Kirchner Offers Music Subsidies Just in Time for Argentina’s Runoff Vote


EspañolJust five days before the final runoff for the presidency, and amid controversial last-minute appointments of officials, Argentina’s National Music Institute (INAMU) invited the country’s professional and amateur musicians to apply for subsidies.

The Cristina Kirchner administration created INAMU in October 2012, but the institute only decided to open the call for subsidies over three years later, on November 17.

There are two kinds of subsidies available: 100 national ones, the largest to the tune of ARS$40,000 (US$2,666) for each application, and 150 regional ones of AR$10,000 (US$666) each.

In addition, INAMU is offering musicians with finalized records 240 vouchers for mass replication and 120 vouchers for reprinting the cover’s artwork.

“Promotion of musical projects, a new phase of the Music Law.”

INAMU claims on its website that its first experience in promoting music will reach “610 musical projects and over 3,000 musicians.”

A Regional Council of Musicians, made up of registered and unionized artists, will be in charge of evaluating the projects. They will also have the final word on who gets the money.

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Argentinean musicians will be able to request the subsidies for a wide range of expenses: production of audio and video; live performances and publicity; promotional material such as leaflets, posters, art design; salaries of technicians and musicians themselves; transportation (bus and plane tickets) as well as hotel accommodation.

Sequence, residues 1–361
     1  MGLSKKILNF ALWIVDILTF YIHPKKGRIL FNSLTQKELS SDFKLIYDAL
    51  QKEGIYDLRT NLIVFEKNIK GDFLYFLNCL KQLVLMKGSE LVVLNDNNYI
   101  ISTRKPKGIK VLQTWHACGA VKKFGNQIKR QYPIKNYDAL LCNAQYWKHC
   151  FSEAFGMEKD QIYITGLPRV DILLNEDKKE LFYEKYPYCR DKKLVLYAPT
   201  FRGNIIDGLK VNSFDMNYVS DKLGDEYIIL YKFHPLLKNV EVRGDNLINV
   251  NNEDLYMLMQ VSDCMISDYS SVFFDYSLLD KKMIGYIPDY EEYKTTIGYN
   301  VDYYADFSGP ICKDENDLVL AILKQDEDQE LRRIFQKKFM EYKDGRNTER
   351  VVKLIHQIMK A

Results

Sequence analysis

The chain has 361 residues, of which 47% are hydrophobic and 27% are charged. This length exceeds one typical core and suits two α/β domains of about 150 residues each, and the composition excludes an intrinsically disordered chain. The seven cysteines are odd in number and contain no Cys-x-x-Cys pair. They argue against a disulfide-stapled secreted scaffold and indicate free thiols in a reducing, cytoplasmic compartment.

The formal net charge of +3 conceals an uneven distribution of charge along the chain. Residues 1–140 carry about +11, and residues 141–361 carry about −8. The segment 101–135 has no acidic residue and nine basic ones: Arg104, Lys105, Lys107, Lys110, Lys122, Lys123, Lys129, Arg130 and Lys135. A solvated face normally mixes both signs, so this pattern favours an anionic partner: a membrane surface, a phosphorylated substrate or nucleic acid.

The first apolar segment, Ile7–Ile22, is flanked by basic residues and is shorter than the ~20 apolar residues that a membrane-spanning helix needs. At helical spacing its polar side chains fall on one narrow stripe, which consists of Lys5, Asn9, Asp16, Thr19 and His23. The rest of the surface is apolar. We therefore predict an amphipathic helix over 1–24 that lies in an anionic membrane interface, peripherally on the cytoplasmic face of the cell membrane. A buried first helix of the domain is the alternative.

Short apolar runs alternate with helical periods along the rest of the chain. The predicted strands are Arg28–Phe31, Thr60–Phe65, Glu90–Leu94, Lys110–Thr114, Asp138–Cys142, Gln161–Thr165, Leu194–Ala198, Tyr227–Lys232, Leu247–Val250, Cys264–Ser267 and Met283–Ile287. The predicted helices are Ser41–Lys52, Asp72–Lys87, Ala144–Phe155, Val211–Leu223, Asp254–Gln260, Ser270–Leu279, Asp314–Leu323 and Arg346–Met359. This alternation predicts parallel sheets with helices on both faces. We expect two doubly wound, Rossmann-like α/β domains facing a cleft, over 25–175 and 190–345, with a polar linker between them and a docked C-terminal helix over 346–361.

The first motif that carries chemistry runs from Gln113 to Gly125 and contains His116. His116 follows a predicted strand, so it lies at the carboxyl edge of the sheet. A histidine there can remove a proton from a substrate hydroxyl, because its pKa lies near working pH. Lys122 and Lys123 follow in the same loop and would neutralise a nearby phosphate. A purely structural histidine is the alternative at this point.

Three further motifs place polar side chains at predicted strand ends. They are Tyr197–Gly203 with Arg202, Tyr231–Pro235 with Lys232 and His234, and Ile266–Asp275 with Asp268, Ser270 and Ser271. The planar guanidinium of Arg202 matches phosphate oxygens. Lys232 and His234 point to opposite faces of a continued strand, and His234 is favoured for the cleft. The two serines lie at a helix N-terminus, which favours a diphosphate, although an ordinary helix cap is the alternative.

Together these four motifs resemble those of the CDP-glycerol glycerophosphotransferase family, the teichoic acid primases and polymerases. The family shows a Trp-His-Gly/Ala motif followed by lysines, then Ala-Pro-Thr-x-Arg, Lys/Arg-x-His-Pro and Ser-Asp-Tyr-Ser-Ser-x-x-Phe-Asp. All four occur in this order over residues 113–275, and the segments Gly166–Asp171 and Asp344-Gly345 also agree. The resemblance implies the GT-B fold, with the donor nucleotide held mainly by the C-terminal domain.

The Buenos Aires-based Avellenada Musicians Group (UMA) celebrated the announcement on Twitter: “This is what we defend, what has been achieved with so much effort.”

Más de 3 mil músicos se beneficiarían con esta iniciativa. (IMLA)
Subsidies will reach benefit 3,000 musicians across Argentina. (INAMU)

On the other hand, Juan Manuel Drangosch, a musician, producer, and DJ told the PanAm Post that the government should instead focus on lifting regulations so all artists can import instruments, microphones, and other products.

“That way we wouldn’t have to pay three or four times what they cost abroad. The costs of recording in a studio would also drop and we would be able to produce better records,” he argued.

Another way the government could promote music is to stop shutting down cultural centers and demanding “permits that are impossible to comply with.”

In 2012, when members of Congress was discussing the initiative that created INAMU, Argentinean writer Eliseo Bern questioned that the legislation “completely disregards” whether the subsidized works will be of public interest. “Will the public enjoy them?” he asked.

“We are doing a massive investment,” he wrote, “spending our taxes on a omnipresent structure with plenty of employees, involving musicians, concert rooms, media outlets, recording studios, to produce records and shows. But nowhere in all of this is a concern or the slightest mention of whether anyone will be interested in the outcome. Is that question not relevant?”

He opines that the initiative does not ask whether there will be a demand for what the subsidies produce, nor does it care to check whether “someone was interested” in them after the fact.

“The former has to do with intuition or projection, but the latter is something measurable,” he added.

Translated by Daniel Duarte.

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